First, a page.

Those are just a few of the decisions we have worked through. And, of course, there’s more. WIRED is partnering with Apple for the launch of Apple News Plus, a subscription bundle that lets you subscribe to a bunch of publications at once. We’re excited by this—as long as it doesn’t cannibalize direct subscribers. You get much more WIRED when you actually subscribe to WIRED (archives, everything we publish online, an app, a beautiful magazine that the mail carrier will take to your door). If you’ve gotten this far in this particular wonky post, you’re the kind of person who probably knows that already. But we don’t know about everyone else.

What happens next? Well, in 2019 we’re going to double-down on all those things that we love to do, that we know people love to read, and that drive subscriptions. There will be more investigations, more guides, more gear. It seems like the president may make news this year, and I suspect we’ll write some more about Facebook too.

As I noted a year ago, there’s always going to be a tension between Stewart Brand’s famous dictum that “information wants to be free” and the lesser-known clause that followed: “But information also wants to be expensive.” The most important lesson, though, is the one we’ve learned over and over. Subscribers just really want information to be good.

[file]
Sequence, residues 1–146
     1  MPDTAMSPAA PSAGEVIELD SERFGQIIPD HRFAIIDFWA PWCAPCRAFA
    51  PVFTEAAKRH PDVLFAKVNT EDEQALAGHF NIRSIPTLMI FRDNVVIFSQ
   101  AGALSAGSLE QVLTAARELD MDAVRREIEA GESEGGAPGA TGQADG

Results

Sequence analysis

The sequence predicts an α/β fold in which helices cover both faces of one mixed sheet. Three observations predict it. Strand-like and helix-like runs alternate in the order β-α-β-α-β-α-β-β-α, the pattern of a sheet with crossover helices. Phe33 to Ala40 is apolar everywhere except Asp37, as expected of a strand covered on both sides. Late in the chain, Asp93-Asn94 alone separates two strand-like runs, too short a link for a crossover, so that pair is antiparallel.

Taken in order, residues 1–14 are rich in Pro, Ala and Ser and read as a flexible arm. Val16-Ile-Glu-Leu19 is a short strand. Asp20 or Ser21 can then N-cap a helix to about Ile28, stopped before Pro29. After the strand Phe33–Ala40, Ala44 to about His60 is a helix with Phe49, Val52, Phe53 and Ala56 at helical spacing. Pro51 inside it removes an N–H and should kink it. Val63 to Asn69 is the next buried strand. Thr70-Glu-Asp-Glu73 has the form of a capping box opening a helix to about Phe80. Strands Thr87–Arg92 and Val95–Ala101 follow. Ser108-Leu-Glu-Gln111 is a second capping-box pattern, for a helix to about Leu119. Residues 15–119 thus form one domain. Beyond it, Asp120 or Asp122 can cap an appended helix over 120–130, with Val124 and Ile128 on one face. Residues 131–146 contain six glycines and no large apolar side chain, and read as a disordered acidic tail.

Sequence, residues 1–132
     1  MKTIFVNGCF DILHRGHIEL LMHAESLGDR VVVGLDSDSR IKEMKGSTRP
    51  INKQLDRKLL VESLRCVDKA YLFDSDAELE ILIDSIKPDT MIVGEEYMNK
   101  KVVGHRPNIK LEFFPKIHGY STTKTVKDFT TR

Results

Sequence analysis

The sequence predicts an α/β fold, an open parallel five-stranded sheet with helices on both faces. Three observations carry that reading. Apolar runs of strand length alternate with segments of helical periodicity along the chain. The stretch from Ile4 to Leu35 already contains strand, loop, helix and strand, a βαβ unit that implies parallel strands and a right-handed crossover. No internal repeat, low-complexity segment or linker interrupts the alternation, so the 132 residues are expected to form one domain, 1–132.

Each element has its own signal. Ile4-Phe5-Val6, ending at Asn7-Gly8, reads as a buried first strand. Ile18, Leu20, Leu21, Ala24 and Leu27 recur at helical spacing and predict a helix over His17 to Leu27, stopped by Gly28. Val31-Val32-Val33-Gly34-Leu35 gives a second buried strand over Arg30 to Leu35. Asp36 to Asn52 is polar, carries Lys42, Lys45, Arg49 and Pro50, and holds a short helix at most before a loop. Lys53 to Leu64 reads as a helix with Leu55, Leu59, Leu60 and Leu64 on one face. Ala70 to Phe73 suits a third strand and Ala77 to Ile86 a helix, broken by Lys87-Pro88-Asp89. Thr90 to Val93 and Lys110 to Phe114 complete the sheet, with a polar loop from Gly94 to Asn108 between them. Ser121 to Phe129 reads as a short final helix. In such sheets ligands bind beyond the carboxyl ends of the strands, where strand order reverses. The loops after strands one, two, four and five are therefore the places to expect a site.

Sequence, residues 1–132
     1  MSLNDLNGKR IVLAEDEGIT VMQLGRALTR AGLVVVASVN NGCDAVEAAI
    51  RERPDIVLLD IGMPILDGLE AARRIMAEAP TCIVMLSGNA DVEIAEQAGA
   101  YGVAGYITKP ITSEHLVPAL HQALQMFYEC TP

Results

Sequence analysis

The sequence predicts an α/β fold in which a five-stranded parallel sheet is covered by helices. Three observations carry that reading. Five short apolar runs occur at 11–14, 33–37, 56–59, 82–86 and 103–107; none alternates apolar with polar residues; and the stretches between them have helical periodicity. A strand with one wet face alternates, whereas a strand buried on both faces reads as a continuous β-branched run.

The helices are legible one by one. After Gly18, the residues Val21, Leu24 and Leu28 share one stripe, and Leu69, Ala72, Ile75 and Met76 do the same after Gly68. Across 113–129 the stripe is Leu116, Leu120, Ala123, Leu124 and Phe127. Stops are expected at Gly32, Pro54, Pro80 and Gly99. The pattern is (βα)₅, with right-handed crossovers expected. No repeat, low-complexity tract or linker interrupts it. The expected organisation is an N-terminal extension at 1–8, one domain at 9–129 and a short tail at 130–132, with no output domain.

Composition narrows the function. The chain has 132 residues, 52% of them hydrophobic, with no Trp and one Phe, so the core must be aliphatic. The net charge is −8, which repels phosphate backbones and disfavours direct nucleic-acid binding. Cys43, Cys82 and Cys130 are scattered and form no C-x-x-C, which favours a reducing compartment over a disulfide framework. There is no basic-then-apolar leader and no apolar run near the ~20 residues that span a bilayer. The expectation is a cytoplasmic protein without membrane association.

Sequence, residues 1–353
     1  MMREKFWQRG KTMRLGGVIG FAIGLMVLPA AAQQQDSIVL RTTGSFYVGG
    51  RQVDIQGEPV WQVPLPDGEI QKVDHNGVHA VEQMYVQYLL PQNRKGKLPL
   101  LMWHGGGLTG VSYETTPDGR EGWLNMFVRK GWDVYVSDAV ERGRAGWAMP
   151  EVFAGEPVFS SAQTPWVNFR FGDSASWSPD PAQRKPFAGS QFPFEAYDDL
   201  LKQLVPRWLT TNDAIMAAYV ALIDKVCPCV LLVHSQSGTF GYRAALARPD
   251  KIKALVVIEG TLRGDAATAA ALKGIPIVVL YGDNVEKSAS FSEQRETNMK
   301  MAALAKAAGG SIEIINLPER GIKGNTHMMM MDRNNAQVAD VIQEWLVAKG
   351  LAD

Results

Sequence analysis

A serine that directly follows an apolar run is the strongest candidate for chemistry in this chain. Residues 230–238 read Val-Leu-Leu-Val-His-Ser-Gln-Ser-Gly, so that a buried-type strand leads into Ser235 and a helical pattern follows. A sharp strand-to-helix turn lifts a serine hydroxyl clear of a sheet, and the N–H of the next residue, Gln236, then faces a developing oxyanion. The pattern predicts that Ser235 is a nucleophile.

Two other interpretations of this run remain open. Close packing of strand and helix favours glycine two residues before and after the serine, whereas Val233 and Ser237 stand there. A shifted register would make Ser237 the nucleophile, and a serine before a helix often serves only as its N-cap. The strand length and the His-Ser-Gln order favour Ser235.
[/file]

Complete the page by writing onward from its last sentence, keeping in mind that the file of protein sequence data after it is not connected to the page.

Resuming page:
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Hexbyte  Tech News  Wired A Mysterious Hacker Group Is On a Supply Chain Hijacking Spree

Hexbyte Tech News Wired A Mysterious Hacker Group Is On a Supply Chain Hijacking Spree

Hexbyte Tech News Wired

A single group of hackers appears responsible for supply chain hacks of CCleaner, Asus, and more, planting backdoors on millions of machines.

Elena Lacey

A software supply chain attack represents one of the most insidious forms of hacking. By breaking into a developer’s network and hiding malicious code within apps and software updates that users trust, supply chain hijackers can smuggle their malware onto hundreds of thousands—or millions—of computers in a single operation, without the slightest sign of foul play.